Guest reviewer Franco Milazzo isn’t moved in time or space.

You’d need a bus pass to actually remember it, but few TV series from the late Fifties made as much of an impact as The Twilight Zone. At the dawn of television drama, the show transcended its horror and Sci-Fi underpinnings with ingenious twists and an ability to lead viewers from relatable everyday scenarios to beguiling and ironic conclusions.

Rod Serling’s creation is remembered as much as a triumph of imagination over production values and for the iconic theme tune; its cultural resonance can be measured by its three revivals with the newest version out sometime this year and by how its style has been imitated far and wide, not least by shows like The Outer Limits and Black Mirror.

This latest stage incarnation is based around eight original episodes (six of which were penned by series creator Serling himself). Adapted by Anne Washburn (Mr Burns), this production debuted at the Almeida but re-materialises in the West End at the Ambassadors.

On the face of it, this is an honest take on the original series and a generation fraught with thoughts of war and technological advances. The contemporary themes are all present and correct (aliens, check; nuclear armageddon, check; space travel checkity check check) and there is abundant homage to the inexpensive props and recycled sets used by the show half a century ago.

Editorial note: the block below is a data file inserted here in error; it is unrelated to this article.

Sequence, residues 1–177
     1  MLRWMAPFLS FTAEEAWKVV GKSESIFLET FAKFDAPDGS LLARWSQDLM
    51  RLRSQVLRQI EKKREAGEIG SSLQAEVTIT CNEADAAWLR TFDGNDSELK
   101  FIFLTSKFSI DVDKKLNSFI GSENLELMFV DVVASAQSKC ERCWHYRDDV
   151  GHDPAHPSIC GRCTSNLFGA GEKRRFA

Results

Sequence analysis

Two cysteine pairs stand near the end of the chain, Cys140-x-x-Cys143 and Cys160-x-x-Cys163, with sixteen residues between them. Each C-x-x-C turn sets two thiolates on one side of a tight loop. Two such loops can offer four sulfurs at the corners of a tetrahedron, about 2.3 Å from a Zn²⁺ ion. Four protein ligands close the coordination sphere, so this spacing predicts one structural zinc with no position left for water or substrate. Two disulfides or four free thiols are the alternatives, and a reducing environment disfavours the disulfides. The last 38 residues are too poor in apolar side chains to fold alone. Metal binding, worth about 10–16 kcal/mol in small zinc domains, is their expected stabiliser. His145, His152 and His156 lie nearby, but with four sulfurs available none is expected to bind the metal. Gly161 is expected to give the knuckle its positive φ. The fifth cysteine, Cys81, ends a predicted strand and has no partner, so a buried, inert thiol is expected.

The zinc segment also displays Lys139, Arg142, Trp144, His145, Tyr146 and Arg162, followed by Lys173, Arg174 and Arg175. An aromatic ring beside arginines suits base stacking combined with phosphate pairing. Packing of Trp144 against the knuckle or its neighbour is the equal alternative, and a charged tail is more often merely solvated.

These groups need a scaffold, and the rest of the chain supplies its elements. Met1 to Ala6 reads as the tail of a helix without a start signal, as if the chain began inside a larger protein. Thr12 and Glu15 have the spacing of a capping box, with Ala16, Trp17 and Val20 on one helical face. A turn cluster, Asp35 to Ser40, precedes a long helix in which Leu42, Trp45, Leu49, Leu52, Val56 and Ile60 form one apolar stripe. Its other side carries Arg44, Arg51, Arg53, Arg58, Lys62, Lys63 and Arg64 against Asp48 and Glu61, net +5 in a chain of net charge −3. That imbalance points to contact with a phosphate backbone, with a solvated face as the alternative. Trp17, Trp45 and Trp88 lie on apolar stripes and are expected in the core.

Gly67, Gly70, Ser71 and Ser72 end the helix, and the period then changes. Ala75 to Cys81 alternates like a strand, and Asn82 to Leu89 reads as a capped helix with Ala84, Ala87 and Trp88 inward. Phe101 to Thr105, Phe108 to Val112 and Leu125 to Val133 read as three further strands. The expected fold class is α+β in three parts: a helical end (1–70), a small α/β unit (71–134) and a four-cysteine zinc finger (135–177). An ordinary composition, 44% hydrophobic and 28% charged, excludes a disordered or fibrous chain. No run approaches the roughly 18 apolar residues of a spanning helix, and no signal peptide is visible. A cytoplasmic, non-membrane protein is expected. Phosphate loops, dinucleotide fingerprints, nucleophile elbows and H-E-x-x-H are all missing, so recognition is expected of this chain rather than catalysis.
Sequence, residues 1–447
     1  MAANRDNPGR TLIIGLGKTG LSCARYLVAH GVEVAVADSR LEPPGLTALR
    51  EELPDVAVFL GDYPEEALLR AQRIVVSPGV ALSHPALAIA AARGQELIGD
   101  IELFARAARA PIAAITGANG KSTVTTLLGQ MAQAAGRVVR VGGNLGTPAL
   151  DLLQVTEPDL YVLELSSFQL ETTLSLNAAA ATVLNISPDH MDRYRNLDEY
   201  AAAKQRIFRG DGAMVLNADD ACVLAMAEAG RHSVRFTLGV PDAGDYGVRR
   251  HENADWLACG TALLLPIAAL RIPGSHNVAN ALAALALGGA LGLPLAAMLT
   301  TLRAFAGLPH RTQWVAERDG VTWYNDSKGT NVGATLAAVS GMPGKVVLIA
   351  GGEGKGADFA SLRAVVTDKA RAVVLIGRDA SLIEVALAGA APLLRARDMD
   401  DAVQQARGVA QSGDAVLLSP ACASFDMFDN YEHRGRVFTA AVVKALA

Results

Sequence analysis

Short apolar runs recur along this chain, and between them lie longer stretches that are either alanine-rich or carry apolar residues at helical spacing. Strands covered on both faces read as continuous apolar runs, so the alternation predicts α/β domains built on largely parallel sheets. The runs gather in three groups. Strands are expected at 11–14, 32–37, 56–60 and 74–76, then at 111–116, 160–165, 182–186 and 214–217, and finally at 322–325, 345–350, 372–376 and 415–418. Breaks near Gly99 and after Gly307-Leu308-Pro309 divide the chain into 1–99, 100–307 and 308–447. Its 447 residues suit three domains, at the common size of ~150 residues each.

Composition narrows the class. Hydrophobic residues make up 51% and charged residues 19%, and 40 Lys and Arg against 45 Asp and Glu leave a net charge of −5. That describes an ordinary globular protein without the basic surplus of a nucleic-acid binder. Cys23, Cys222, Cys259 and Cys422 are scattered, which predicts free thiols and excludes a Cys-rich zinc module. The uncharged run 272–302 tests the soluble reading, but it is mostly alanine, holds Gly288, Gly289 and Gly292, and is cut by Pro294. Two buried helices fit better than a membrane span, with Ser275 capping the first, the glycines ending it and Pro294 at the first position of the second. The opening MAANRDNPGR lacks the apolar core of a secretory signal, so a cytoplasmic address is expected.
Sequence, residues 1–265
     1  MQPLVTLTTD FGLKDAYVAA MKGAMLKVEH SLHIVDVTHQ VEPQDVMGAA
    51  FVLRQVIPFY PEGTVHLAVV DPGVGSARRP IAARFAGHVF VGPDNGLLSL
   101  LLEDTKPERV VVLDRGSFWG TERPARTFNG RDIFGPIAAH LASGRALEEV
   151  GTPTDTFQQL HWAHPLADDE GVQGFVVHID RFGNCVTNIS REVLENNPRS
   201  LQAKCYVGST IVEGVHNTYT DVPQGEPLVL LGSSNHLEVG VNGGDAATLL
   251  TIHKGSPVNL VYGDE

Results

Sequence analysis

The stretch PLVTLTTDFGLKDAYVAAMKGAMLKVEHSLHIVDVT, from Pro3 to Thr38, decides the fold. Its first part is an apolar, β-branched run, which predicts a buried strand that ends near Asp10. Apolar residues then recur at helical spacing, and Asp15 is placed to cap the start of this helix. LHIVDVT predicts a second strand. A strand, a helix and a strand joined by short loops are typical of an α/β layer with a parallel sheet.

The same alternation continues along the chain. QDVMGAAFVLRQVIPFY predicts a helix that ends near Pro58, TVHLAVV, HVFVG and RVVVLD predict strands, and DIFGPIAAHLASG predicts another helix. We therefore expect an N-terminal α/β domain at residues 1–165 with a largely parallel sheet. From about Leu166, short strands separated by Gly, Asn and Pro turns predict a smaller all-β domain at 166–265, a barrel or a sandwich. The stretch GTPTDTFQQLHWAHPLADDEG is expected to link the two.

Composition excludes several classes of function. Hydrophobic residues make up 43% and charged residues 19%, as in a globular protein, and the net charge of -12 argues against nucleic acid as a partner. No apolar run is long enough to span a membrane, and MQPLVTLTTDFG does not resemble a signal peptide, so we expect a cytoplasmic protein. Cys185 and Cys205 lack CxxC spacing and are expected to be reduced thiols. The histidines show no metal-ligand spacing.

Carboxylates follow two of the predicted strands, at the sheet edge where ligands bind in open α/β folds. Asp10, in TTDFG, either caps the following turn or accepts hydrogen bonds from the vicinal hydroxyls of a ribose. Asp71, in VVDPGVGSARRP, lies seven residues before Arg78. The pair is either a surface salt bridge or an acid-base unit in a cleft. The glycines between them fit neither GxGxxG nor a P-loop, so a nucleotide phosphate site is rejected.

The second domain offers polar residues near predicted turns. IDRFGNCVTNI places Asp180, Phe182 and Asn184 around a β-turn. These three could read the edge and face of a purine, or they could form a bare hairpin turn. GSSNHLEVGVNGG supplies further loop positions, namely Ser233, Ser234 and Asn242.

The thirteen-strong ensemble are uniformly excellent in their roles and the light and sound crew try hard to bring out the mystical nature of Serling’s fantastic show.

In fact, there’s nothing really wrong with this play apart from everything else.

The Twilight Zone stories all generally followed a familiar pattern: we would be introduced to the characters and the setting before being led down the garden path of normality and then, insidiously or suddenly, there was a grand reveal.

Washburn and director Richard Jones have abandoned that approach by their clumsy mashing of the plots of the eight individual episodes: in one case, a jolly song-and-dance number from one episode immediately precedes the emotional finale of another. It’s cut and pasted for the attention-span-deficient and the overall effect greatly deflates the drama throughout.

Adding insult to injury are the frequent anachronous outbreaks of vaudeville, clumsy fourth-wall breaks and the sacrifice of dramatic nuance and tension to gags and magic tricks cheaper than the props.

Maybe in a far-off dimension of time and space, at the crossroads of imagination and reality, our descendants will discover a stage adaption of The Twilight Zone which will fill them with the wonder and mystery of the original.

But not here.

The Twilight Zone. Ambassadors Theatre until 1 June 2019.